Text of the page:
Gems - Quartz
( Originally Published 1919 )
(Rock-Crystal, Amethyst, Citrine, Cairngorm, Cat's Eye, Tiger's-Eye)
ALTHOUGH the commonest and, in its natural form, the most easily recognizable of mineral substances, quartz nevertheless holds a not inconspicuous position among gem-stones, because, as amethyst (Plate XXVII, Fig. 7), it provides stones of the finest violet colour ; moreover, the yellow quartz (Plate XXVI I, Fig. 5) so ably vies with the true topaz that it is universally known to jewellers by the name of the latter species, and is too often confounded with it, and the lustrous, limpid rock-crystal even aspires to the local title of ` diamond.' For all purposes where a violet or yellow stone is required, quartz is admirably suited ; it is hard and durable, and it has the merit, or possibly to some minds the drawback, of being moderate in price. Despite its comparative lack of ` fire,' rock-crystal might replace paste in rings and buckles with considerable advantage from the point of view of durability. The chatoyant quartz, especially in the form known as tiger's-eye, will for beauty bear comparison with the true cat's-eye, which is a variety of chrysoberyl. Except that cat's-eye is cut en cabochon, quartz is step- or sometimes brilliant-cut.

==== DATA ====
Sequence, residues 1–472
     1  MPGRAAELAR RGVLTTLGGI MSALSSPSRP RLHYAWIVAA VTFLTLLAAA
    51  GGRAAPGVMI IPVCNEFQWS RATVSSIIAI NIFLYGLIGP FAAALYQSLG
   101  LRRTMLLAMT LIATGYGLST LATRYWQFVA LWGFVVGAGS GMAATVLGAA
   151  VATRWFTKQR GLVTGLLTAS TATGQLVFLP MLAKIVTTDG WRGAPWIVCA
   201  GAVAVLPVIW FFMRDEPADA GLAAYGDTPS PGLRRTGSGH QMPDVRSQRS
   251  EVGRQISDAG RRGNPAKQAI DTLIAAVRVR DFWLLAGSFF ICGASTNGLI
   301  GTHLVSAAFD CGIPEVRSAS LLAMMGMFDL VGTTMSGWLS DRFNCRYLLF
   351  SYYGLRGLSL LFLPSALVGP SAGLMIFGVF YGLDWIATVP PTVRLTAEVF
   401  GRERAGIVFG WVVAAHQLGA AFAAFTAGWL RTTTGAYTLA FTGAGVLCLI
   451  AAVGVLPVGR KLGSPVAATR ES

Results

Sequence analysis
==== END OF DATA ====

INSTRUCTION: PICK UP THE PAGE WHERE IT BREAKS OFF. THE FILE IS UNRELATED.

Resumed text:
Ranking with corundum next to diamond as the simplest in composition of the gem-stones, quartz is the crystallized form of silica, oxide of silicon, corresponding to the formula SiO2. When pure, it is entirely devoid of the faintest trace of colour and absolutely water-clear. Such stones are called rock-crystal, and it is easy to understand why in early days it was supposed to represent a form of petrified water. It is these brilliant, transparent stones that are, when small, known in many localities as diamonds. Before the manufacture of glass was discovered and brought to perfection, rock-crystal was in considerable use for fashioning into cups, vases, and so forth. The beautiful tints characterizing quartz are due to the usual metallic oxides. To manganese is given the credit of the superb purple or violet colour of amethyst, which varies considerably in depth. Jewellers are inclined to distinguish the deep-coloured stones with the prefix `oriental,' but the practice is to be deprecated, since it might lead to confusion with the true oriental amethyst, which is a purple sapphire, one of the rarest varieties of corundum. Quartz of a yellow hue is properly called citrine, but, as already stated, jewellers habitually prefer the name ` topaz' for it, and distinguish the true topaz by the prefix Brazilian—not a very happy term, since both the yellow topaz and the yellow quartz occur plentifully in Brazil. Sometimes the yellow quartz is termed occidental, Spanish, or false topaz. Stones with a brownish or smoky tinge of yellow are called cairngorm, or Scotch topaz. The colour of the yellow stones is doubtless due to a trace of ferric oxide. Stones of a smoky brown colour are known as smoky-quartz. Rose-quartz, which is rose-red or pink in colour and hazy in texture, is comparatively rare ; strange to say, it has never been found in distinct crystals. The tint, which may be due to titanium, is fugitive, and fades on exposure to strong sunlight. In milky quartz, as the name suggests, the interior is so hazy as to impart to the stone a milky appearance. It has frequently happened that quartz has crystallized after the formation of other minerals, with the result that the latter are found inside it. Prase, or mother-of-emerald, which at one time was supposed to be the mother-rock of emerald, is a quartz coloured leek-green by actinolite fibres in the interior. Specimens containing hair-like fibres of rutile—the so-called fleches d'amour—are common in mineral collections, and are sometimes to be seen worked. When enclosing a massive, light-coloured, fibrous mineral, the stones have a chatoyant effect, and display, when suitably cut, a fine cat's-eye effect ; in tiger's-eye the enclosed mineral is crocidolite, an asbestos, the original blue hue of which has been changed to a fine golden-brown by oxidation. Quartz which contains scales of mica, hematite, or other flaky mineral has a vivid spangled appearance, and is known as aventurine ; it has occasionally been employed for brooches or similar articles of jewellery. Rainbow-quartz, or iris, is a quartz which contains cracks, the chromatic effect being the result of the interference of light reflected from them ; it has been artificially produced by heating the stone and suddenly cooling it.